Garments of Praise collecting used formal dresses for Domincan Republic
A professor leading a Maymester trip to Haiti and the Dominican Republic is collecting prom dresses for an organization striving to empower women and help them out of prostitution in the Dominican Republic.
Amy Hodges Hamilton, a professor in the English department, is involved with the ministry Garments of Praise.
Garments of Praise rents donated dresses to women in the Dominican Republic and uses the money to help employ women, so they do not have to continue earning money through prostitution.
Hodges Hamilton is asking for Belmont students to donate old prom, formal or bridesmaid dresses, which she will bring to the organization during the Maymester.
“Dominicans love to dress up,” said Hodges Hamilton. “So for quinceaneras, for weddings, for parties, dressing up is a really fun and celebrated thing in the Dominican Republic.”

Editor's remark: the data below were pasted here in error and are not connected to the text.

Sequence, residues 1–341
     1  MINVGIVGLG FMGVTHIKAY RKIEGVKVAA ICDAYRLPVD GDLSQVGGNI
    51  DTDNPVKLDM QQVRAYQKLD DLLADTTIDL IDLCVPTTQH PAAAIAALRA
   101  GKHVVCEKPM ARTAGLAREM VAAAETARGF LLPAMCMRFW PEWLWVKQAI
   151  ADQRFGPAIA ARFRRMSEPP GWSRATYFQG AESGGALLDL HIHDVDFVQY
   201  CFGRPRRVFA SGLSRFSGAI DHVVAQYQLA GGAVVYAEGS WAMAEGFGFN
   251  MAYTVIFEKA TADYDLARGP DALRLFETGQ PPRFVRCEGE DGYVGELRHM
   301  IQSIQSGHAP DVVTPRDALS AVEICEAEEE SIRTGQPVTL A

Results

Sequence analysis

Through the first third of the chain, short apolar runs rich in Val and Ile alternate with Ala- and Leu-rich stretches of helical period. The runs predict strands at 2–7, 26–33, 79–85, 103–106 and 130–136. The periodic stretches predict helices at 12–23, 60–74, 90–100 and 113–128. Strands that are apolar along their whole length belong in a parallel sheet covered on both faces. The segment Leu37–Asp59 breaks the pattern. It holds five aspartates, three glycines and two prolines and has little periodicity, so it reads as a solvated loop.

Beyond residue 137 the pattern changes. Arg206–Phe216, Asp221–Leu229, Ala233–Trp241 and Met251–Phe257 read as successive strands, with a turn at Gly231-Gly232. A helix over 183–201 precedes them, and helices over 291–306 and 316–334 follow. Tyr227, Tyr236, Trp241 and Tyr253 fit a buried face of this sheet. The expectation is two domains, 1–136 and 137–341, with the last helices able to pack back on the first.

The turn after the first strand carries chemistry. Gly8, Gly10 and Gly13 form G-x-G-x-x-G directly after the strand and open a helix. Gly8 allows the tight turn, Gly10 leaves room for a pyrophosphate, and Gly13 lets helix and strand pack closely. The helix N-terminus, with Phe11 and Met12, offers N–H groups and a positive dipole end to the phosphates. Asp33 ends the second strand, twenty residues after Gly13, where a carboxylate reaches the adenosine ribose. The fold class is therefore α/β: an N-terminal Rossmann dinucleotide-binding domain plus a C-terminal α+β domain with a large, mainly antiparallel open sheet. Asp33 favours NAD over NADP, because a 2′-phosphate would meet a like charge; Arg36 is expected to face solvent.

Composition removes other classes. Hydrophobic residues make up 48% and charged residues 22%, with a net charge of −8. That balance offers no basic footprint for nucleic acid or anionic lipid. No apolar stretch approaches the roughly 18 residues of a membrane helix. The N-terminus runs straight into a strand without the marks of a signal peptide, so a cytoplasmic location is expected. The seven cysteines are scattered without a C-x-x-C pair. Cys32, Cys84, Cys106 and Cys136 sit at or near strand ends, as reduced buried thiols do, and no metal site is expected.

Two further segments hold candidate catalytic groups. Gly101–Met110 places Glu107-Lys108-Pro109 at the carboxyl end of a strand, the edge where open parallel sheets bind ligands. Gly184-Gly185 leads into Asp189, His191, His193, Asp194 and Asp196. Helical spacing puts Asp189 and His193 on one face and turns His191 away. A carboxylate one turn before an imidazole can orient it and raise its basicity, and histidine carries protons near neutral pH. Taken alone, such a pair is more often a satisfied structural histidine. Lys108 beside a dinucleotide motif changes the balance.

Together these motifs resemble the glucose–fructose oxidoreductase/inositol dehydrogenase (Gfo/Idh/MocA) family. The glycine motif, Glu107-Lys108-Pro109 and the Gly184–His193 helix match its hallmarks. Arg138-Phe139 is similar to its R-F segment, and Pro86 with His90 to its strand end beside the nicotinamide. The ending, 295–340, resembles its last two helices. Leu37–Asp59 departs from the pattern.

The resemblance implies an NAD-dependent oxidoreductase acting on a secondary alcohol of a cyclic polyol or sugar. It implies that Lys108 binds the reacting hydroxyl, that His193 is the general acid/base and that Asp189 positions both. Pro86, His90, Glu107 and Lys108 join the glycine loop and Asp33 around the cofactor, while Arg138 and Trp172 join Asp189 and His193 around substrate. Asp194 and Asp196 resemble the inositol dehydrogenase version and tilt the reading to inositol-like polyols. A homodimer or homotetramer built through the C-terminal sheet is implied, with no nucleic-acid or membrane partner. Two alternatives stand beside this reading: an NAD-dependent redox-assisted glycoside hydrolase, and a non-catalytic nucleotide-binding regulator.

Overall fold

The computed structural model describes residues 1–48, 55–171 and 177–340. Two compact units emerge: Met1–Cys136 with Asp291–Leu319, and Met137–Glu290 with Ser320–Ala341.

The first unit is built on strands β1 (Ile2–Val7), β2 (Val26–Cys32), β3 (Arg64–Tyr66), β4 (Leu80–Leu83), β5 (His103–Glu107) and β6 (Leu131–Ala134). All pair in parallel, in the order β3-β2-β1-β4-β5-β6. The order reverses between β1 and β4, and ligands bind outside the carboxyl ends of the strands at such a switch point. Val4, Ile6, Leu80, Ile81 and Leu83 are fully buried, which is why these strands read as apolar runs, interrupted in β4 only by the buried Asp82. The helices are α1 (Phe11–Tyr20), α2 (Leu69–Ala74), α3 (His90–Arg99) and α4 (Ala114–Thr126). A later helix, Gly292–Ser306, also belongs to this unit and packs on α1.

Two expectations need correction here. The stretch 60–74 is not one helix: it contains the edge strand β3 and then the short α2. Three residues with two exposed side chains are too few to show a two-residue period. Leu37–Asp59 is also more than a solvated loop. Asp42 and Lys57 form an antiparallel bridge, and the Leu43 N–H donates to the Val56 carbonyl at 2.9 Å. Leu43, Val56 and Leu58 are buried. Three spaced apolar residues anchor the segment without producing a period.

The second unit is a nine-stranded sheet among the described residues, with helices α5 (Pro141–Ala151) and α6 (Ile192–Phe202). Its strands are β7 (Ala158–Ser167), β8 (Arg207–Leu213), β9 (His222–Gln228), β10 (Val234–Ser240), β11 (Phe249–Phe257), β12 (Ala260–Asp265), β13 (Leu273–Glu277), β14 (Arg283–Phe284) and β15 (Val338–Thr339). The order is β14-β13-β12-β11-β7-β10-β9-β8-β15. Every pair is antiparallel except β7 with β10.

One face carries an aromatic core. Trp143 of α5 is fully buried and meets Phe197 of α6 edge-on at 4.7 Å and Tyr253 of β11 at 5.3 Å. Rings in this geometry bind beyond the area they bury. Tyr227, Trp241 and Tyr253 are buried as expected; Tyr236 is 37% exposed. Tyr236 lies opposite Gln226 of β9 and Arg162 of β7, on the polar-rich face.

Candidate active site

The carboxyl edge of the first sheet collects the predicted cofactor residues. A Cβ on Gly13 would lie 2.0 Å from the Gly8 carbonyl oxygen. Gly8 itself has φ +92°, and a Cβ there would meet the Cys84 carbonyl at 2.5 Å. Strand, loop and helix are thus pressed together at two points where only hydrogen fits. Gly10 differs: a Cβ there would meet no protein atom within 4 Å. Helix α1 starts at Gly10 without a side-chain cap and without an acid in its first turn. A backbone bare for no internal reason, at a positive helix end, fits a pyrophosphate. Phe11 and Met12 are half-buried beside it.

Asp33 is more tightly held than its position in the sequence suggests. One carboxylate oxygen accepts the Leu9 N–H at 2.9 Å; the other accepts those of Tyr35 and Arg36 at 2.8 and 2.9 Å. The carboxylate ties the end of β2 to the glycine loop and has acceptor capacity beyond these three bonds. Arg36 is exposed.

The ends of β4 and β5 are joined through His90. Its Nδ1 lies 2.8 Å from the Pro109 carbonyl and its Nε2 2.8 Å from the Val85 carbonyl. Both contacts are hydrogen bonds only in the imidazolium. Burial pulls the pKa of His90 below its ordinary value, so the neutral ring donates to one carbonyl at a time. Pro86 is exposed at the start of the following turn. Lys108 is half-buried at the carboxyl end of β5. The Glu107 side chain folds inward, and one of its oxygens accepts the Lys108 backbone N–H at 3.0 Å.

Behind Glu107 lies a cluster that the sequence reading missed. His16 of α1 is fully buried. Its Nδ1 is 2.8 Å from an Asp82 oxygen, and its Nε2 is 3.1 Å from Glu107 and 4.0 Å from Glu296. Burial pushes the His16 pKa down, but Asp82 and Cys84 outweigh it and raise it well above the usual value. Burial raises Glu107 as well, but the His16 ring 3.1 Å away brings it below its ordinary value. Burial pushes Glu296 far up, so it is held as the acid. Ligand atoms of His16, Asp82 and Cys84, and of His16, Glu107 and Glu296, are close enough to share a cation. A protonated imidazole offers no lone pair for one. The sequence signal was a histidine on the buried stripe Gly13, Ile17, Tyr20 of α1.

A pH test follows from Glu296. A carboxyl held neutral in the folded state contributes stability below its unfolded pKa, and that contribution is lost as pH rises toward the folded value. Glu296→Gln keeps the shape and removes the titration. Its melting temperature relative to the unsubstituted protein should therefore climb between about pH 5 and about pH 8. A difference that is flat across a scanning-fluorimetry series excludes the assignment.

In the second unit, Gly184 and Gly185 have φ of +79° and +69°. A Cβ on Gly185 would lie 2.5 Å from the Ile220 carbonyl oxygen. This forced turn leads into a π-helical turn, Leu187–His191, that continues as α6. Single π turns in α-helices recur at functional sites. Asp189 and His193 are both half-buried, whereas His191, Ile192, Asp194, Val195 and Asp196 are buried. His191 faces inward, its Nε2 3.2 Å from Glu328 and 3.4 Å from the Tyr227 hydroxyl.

Garments of Praise is a part of the larger organization DR Vision, which reaches out to communities in the Dominican Republic to share the Gospel of Christ, according to the organization’s Facebook page.
DR Vision has other ministries to rescue women as well, including a safe house and MERCY jewelry, where women are employed making jewelry as a way to earn money.
“It’s really all about offering women a sort of chance to support themselves with dignity,” said Hodges Hamilton.
On the trip, she and the students will also get to visit the rescued women and run a vacation Bible school for some of the women’s children, she said. They will also help paint the new safe house.
Hodges Hamilton will also be teaching her students about human trafficking and sex tourism during the Maymester.
“There’s really no way out of poverty for women other than to prostitute themselves. Even when they do that, they’re still making very little money,” Hodges Hamilton said. “I mean, it’s not like ‘Pretty Woman.’”
Students can donate old prom, formal and bridesmaid dresses to Garments of Praise by bringing them to the Vision office on the first floor of the Johnson Center until the end of the semester.
This article was written by Emily Allen. Photo courtesy of Amy Hodges Hamilton.